My research-paper on the Baekdu-daegan Region as Korea's
fresh & green Multi-faith Pilgrimage-Tourism Destination
Published by the United Nations World Tourism Organization
in its  
"Religious Tourism in Asia and the Pacific"  Report
April  2011
This monumental new one-volume academic-report "Religious Tourism in Asia and the Pacific"
has been published by the
United Nations World Tourism Organization, containing my research-paper on the
Baekdu-daegan Region as a fresh and "green" uniquely-muliti-faith pilgrimage-tourism destination for South
Korea as one of its chapters.  See: to download it as .pdf files and to buy the actual printed book.
The Burgeoning of the Baekdu-daegan Trail into a New
Religious-Pilgrimage Tourism Asset of South Korea

by Professor David A. Mason

Cultural Tourism Contents Department,  Hotel-Tourism Management College
Kyung Hee University, Seoul, Korea

Submitted to the UNWTO in September, 2009
My Abstract:

This research paper is a case-study of the Baekdu-daegan long-distance-hiking Trail, which was
previously non-existent for all practical purposes and relatively little-known even among Koreans
themselves, emerging only within the past two decades and still virtually unknown to the
international community. However, it is currently burgeoning into public attention as an adventure-
hiking tourism route, with potential to become a significant religious-pilgrimage tourism destination-
attraction of the Republic of Korea, or for domestic and foreign inbound tourist markets.

This paper begins with a review of relevant theory of emerging religious-pilgrimage routes as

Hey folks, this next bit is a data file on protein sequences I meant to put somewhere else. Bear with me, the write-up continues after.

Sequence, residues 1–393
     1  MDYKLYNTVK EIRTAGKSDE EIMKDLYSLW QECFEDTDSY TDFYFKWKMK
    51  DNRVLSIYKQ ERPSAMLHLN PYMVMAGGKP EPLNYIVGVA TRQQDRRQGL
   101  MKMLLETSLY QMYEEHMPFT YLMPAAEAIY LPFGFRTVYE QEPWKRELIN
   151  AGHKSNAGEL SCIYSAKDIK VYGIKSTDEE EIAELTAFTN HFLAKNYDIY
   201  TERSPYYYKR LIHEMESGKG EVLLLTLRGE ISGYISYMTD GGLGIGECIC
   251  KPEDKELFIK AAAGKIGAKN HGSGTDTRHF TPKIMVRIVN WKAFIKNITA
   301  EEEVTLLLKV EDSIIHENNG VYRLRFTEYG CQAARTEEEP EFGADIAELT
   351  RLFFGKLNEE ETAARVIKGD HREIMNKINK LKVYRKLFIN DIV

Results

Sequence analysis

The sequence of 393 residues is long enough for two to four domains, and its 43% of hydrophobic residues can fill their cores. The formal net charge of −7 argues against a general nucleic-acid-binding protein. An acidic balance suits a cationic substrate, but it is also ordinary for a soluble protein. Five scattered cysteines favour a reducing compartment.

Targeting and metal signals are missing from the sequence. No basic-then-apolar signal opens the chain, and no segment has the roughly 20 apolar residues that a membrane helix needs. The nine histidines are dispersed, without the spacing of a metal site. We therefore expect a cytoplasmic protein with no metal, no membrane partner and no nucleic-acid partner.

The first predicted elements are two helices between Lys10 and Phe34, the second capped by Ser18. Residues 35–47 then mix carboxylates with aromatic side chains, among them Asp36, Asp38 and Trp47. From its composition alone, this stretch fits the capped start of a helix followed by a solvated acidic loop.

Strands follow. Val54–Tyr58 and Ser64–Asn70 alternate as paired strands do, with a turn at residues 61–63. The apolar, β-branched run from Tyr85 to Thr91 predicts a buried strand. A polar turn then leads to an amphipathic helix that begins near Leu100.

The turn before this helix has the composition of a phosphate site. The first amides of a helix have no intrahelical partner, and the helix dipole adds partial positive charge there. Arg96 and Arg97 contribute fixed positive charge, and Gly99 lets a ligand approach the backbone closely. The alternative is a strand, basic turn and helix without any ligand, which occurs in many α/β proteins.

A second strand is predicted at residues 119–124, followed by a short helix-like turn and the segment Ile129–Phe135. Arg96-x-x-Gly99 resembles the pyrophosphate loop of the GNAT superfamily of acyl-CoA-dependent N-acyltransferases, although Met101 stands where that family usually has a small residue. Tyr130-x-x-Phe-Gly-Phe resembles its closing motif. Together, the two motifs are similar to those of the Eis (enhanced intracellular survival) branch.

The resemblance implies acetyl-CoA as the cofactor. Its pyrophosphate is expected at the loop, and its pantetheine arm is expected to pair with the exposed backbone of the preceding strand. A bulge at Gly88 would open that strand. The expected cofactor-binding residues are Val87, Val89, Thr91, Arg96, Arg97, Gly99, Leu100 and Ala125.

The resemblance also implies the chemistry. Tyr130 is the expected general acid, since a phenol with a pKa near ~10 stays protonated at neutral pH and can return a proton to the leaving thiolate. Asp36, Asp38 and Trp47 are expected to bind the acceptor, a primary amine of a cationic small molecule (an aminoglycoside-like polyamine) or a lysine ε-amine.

tourism assets all over the world, and then a brief overview of the history and characteristics of the
Baekdu-daegan, the unbroken crest of a mountain range that runs the length of the Korean
Peninsula, and the trail that now runs along it. Within South Korea it has become a viable and nearly-
continuous adventure-hiking route in the past two decades, almost 700 km long, with a very high
density of religious sites and multi-religious and spiritual pilgrimage opportunities. This paper then
offers a very preliminary listing of the many different stakeholders involved in the development of this
route as a uniquely trans-national tourism site, based on the author’s 20 years of reading,
observation and experience.

The Baekdu-daegan Range of Mountains is now fairly well-known to Koreans as “the spine of the
nation”, having been revered by cultural-nationalists as a symbol of national unity, identity and vital
energy for more than 1100 years; however, it is virtually unknown to the rest of the world. Today it
offers trekkers spectacular natural scenery featuring sweeping views; and for spiritually-oriented
tourists, it is also uniquely rich with temples, shrines and monuments of four great Asian religious
traditions: Buddhism, Confucianism, Daoism and Shamanism. In this variety of different religions
available to view and experience along the way, it may be unique among the “pilgrimage trails” of
the world. It is not yet known about in the international tourism market, and this project is producing
the first written studies in English of its emergence as a potential tourism attraction for Korea,
preliminary-level exploration of the conflicting and parallel interests of the various stakeholders
involved, and the extremely high level of religious and cultural heritage that it offers.

Keywords:  Baekdu-daegan, Korea, religious tourism, long-distance hiking trail, pilgrimage, Buddhism,
                    Neo Confucianism, Daoism, Shamanism, stakeholders